I did a shoulder check to my right rear and saw there were now fifty cars in the right lane. It’s a good thing I’m retired and was in no hurry. Summer almost became winter while I waited to go through the intersection, but I remained composed. Until the idiot turned and I laid on my horn…just a little bit.

Tune in each week for more good stuff to make your blood boil or to have a good laugh at my expense. I promise the posts will be shorter than this one (no preamble).

The Mother Road – Part 2 – Amarillo Texas to Santa Monica California

IMG_3354We started the second half of our westward journey on Route 66 on Sunday, June 16th, in Amarillo, Texas. Not too far out of town I had to throw out the anchor and do a u-turn to stop at the infamous Cadillac Ranch. For those unaware of the legend and song that refer to the unusual site, this one boasts ten old Cadillac’s that are standing on end, partially buried, looking like the American version of Stonehenge.

For years, tourists have been stopping at the eyesore or work of art, depending how you look at it, to spray-paint or write their names or whatever on the empty shells of the once-classic cars. We entered the field through a gate in the fence, careful not to touch it, since eager tourists start tagging right there. Every color of paint you can imagine decorated the gate, fence, and packed dirt path leading to the monument.

Continue reading “The Mother Road – Part 2 – Amarillo Texas to Santa Monica California”

The Beatles – Love – Cirque du Soleil

loveI’d seen the Beatles Cirque du Soleil show called Love many years ago and knew that Cathryn would love to see it while we were in Vegas on our detour from Route 66. We’re both Cirque fans and everyone knows the Beatles music, so you can easily sing along. We got married in Vegas six years ago and were too busy to catch a show. This time we had no excuse.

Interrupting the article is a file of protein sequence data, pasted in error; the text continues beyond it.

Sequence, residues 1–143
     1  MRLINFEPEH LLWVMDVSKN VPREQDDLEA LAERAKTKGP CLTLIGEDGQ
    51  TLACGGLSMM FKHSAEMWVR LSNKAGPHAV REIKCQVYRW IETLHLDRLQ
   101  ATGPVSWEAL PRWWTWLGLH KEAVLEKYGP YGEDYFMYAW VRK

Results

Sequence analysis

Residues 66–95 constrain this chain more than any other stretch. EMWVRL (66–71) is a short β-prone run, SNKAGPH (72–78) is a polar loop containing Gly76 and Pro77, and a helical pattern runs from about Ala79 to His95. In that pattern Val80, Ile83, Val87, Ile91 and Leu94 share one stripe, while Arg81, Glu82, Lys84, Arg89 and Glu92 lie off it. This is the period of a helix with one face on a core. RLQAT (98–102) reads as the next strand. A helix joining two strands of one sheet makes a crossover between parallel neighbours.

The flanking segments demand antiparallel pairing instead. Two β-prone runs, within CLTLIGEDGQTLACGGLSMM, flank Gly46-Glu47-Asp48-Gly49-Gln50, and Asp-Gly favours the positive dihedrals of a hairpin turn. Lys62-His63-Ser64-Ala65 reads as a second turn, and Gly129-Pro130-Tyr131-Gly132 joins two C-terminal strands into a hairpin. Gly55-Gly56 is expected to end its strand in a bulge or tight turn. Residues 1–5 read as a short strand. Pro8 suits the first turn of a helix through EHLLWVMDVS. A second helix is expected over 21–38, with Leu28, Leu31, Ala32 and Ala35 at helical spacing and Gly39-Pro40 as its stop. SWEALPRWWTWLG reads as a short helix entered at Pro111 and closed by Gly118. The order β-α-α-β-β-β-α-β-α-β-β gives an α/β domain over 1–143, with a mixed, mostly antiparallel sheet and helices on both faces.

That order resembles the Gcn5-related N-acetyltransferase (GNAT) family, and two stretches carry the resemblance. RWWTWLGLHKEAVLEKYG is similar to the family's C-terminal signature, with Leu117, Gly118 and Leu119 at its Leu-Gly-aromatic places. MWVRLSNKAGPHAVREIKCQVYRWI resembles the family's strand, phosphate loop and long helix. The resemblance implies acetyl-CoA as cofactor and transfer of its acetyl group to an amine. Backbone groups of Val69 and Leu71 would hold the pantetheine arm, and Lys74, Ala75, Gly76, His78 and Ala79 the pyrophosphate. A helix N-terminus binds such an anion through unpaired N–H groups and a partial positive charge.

The show is still at the Mirage and it promised to be bigger, better, and bolder, having been redone since my last viewing. I wasn’t convinced when we first sat down, the seats were smaller than I remembered and there had been speakers built into the headrest for surround sound. None of that mattered once the show started.

Typical Cirque characters got the production started, then came the music, color, acrobatics and the awesome music of the Beatles. There was confetti that fell from the rafters, bubbles from that lingered in the air, and a giant sheet of silk that covered the whole stage and stretched out into the audience.

Of course there were a couple VW Beetle Bugs and a van. The acts performed were top notch and blended with the theme of the music. The costume and set colors jumped right into your lap. The stage itself was a giant machine, with sections that opened up and parts that moved actors up and down and in and out of sight.

Love wasn’t as heavily weighted with acrobatics or circus-style acts as other shows, it had just the right amount of song and dance and action to keep your eyes wandering around the stage to see what was going on in all corners. It definitely lived up to its promise of being bigger, bolder and better. We both loved the show and easily rated it a 10 out of 10.

The Mother Road Part 1 – Chicago to Amarillo Texas

IMG_2950In 1926 new horseless carriages created a need for a network of roads for people to drive them on. Thus the federal highway system was launched with Route 66, dubbed The Mother Road or Will Rogers Highway, being the path west from Chicago to L.A. Folks were already heading west for land, jobs, and to find their fortune in one way or another.